Oisin Flynn is a final year BA in Applied Languages student at the University of Limerick. This summer, UL offered him the opportunity to travel to China for an internship for the months of July and August. Oisin talks about his experiences here:
I am so grateful to UL for making such a life-changing experience possible for me
In the middle of July an email was sent around to our course (Applied Languages), asking if anyone wanted to apply for a government scholarship programme to China for the months of July and August. I replied to the email on a whim, expecting to hear nothing back. The next day however, I received a phone-call from UL saying if I wanted to go there would more than likely be a place for me. This decision was daunting at the time as I’d never been anywhere in Asia before and heading off on such short notice scared me.
In retrospect now, I am unbelievably glad I went, and I am so grateful to UL for making such a life-changing experience possible for me. This scholarship programme was developed by An Tánaiste Simon Coveney and the IUA (Irish Universities Association) and the Chinese equivalent.
Off the plane we were met by Enterprise Ireland who took us to Beijing Normal University (BNU). The first thing I noticed stepping out of the car was the wave of heat that hits you. I was surprised that day to see the sky was clear blue, having heard so often before that you can’t see the sky in China because of the smog. This didn’t last however, and it wasn’t long before I was wearing a mask around after having difficulties breathing. The heat was initially quite hard to bare (35-40 everyday) but it’s surprising how fast you adjust.
The living situation was not what we’d be used to home in Ireland. We had to share rooms, two per room. This worked out surprisingly well and there were no major fallouts for the entire summer thankfully. Chinese students in college normally share with up to 7 other students in cramped dormitories. When we learned this, we were relieved to share with just two.
The first three weeks, we spent learning Chinese from a beginner level, except for my roommate who studies Chinese at DCU and who is still in Beijing on his year abroad. Personally, as a language student, I loved these weeks and preferred them to my internship. We only had 3 hours of classes in the morning and at the end of the 3 weeks we sat HSK level 1 (Chinese proficiency test). Learning the numbers was a lifesaver because around where we lived, English was quite rare.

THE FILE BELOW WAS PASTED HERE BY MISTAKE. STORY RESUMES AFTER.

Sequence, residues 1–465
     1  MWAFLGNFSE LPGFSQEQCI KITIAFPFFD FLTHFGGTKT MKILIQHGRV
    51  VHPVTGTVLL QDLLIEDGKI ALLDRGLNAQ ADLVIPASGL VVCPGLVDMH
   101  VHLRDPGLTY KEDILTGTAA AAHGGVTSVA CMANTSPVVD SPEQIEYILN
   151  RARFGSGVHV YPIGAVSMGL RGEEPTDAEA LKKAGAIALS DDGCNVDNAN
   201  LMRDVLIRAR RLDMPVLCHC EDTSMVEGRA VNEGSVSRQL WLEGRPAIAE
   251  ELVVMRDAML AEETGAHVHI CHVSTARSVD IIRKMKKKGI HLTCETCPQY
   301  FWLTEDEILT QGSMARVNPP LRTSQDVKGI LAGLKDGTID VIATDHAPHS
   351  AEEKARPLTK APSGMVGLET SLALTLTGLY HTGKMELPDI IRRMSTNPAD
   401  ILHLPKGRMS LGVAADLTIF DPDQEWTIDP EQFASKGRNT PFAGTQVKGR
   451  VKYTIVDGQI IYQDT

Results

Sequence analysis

In the afternoons then we had different cultural classes. We had Tai Chi lessons six times of over the course of the three weeks and none of us are any more dangerous or able to protect ourselves afterwards, but they were good fun. We were brought to see “The Legend of Kung Fu” during the third week and was an incredible display of Kung Fu.
Halfway through the program we discovered a student run travel company called CET. (Cultural exchange trips). Safe to say this discovery made the China experience for me and the others I think. This company run weekend trips to different places in China at very reasonable prices. In week 4, three of us went to Long Qi gorge which is about 3 to 4 hours outside Beijing. The gorge was spectacular, and we were lucky enough to meander through it on a longboat. The trip was cut short however, as when we were about to ascend to the top of the gorge by cable car, there was a massive landslide all down the face of half the gorge. This is not a joke we were still in the boat and further down the river when basically half the gorge decided to collapse in on itself. Still a great trip though and I’m alive to tell the tale!
The second trip we went on with CET was to inner Mongolia. This was I think the highlight of the 8 weeks for me. Inner Mongolia is a province of China that borders Mongolia. On arriving in the grasslands here we were made down a shot of Baijiu (a Chinese/Asian liquor) as a sign of good luck. It is a respected custom in the region, so I had to fight hard not to spew it back up in front of the welcome party.
In inner Mongolia we trekked through the grasslands on horseback and stayed in yurts. Yurts are originally Mongolian, so this was very cool. Seeing as yurt is such a common word now in Ireland and especially Limerick, I felt it was very fitting that we stayed in a yurt the night of the Liam McCarthy cup final that saw Limerick beat Galway in Dublin.